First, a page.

Williams's wife has a medical condition that made her immune system susceptible to disease. He originally informed his supervisor about her condition in 2010, but requested no accommodations, and did not experience any adverse reactions. (Docket No. 20). In February of 2011, Williams told Woodall that he could not travel out of the country because of his wife's medical condition. Williams asked that the trip be rescheduled, but was unable to advise Woodall on when his wife would improve sufficiently to allow him to travel safely. (Docket No. 20). Woodall allowed Williams to miss the trip, but did not agree to reschedule it. Williams's wife improved and he was able to travel on the next audit trip.

Because Williams received a rating of "needs improvement, " Woodall was required to initiate the Managing Performance Process for Salaried Employees ("MPI Process") for him. This process is designed to give employees whose performance is not in alignment with expectations a period of opportunity to improve. Woodall prepared an Employee Feedback Form with Crossland and Vickie Gibson, the senior director of human resources. The Form listed deficiencies in Williams's work and included eighteen examples to illustrate his problem areas. Woodall, Crossland, and Gibson met with Williams on June 2, 2011 to review the Form, however his performance had not improved sufficiently to conclude the MPI Process. He was then presented with a PIP Performance Improvement Plan, which constituted a final warning in the Process. Williams was informed that his continued employment was not guaranteed. He was given the option to transition out of FOL with salary benefits for seven weeks, or to continue trying to improve by following a further action plan, with the knowledge that he could be terminated. Williams chose to stay, and attended nine weekly meetings from August 29, 2011 through November 15, 2011.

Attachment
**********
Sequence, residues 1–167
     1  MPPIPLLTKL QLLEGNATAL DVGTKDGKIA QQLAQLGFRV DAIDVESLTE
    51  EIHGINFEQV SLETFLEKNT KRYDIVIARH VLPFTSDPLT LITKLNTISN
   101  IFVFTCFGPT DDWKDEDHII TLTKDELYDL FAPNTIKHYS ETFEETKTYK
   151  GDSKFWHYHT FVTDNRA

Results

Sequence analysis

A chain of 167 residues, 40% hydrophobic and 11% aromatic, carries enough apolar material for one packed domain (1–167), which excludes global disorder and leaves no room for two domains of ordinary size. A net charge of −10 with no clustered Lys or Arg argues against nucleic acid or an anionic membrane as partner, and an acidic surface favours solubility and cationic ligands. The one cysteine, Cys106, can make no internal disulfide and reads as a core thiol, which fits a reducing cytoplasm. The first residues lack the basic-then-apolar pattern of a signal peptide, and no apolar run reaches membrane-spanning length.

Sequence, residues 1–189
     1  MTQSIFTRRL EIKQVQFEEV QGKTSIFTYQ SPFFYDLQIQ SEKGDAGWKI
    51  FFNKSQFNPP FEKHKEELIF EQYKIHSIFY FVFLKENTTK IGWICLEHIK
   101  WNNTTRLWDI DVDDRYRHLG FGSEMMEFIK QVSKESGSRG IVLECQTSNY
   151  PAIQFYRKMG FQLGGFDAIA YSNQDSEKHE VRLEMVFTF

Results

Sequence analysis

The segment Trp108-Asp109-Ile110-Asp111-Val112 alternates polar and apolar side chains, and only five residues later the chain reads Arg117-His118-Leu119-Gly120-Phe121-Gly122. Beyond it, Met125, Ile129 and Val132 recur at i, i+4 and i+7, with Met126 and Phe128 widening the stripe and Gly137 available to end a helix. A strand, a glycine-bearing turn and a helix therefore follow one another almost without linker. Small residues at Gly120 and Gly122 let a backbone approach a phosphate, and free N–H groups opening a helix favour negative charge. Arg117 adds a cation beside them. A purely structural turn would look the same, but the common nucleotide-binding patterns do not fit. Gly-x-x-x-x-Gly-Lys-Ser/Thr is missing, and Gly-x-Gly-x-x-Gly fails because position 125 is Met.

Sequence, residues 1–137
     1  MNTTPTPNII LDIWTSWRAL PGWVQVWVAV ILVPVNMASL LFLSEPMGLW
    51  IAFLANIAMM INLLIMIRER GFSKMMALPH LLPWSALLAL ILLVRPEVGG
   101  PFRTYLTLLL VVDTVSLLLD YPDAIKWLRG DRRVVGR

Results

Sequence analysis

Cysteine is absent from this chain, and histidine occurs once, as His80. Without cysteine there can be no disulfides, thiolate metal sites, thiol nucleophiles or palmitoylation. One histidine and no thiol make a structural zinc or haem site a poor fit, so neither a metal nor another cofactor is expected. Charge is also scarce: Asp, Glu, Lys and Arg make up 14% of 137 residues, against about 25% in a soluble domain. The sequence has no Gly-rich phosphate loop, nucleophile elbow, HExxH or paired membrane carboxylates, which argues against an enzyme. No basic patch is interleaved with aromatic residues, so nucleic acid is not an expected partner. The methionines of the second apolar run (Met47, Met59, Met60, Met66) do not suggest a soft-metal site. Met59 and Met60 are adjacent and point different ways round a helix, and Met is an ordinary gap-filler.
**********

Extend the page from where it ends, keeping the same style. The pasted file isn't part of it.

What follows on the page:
In November of 2011, Williams was still unable to improve his performance, and Gibson recommended to her supervisor George Fields, the Senior Vice President of Human Resources, that Williams' employment be terminated consistent with the MPI Process. (Gibson Dep., p. 26-27). FOL decided to eliminate Williams' senior manager position and restructure the Internal Audit Department, because it had a high number of senior managers as compared to lower-level auditors. (Newton Dep., p. 12). When Williams' senior manager position was eliminated, Williams' position was not filled but his duties were distributed within the Department. (Newton Dep., p. 18; Crossland Dep., p. 30-31; Cagle Dep., p. 36; Crossland Dep., p. 30-31). In terms of new hiring, the Department hired a staff auditor, Amanda Brown, in August 2011, before Williams was terminated. In February of 2012, FOL hired Corey Higgins as an entry-level staff auditor. The Department did not hire a new senior manager.

Plaintiff alleges that "Newton told [Williams] they were going to replace him with a less experienced person." (Pl. Dep.) Plaintiff interprets this "to mean someone younger." Id. He claims that he "was replaced as senior manager in internal auditing by two staff auditors, one just out of school and the other with a few years' audit experience. [Williams] doesn't know their names but was at a restaurant last year and the audit department was there having lunch." Id. . Williams also alleges that, "after [he] was terminated up to five individuals were sent for training in OFAC indicating that up to five people were necessary to perform the job duties that Plaintiff had been expected to do." Defendant notes that this information is inadmissible hearsay that it is unsupported by the record, but nevertheless explains that Charles Sanders, the Vice President of the Custom & Trade Compliance Department "decided that it would be beneficial for several within the department to attend the training and have some familiarity with the software since the cost of the training would be the same. None of the individuals who attended the training subsequently used the software...." (Docket No. 20; Sanders Aff.).

Finally, in support of his claims, Williams alleges that many of his mistakes were due to computer formatting issues, Woodall's constant supervision and management style, and the tight deadlines outlined in his Plan. He alleges that he started working seven days a week to meet deadlines. (Docket No. 20). Williams told his supervisors that he could not quit because he needed the insurance for his wife. Finally, he alleges that Woodall came into his office once and said, "Well, I really don't want to hire Cagle, he's older than the other guys, they are forcing me to because these younger guys ...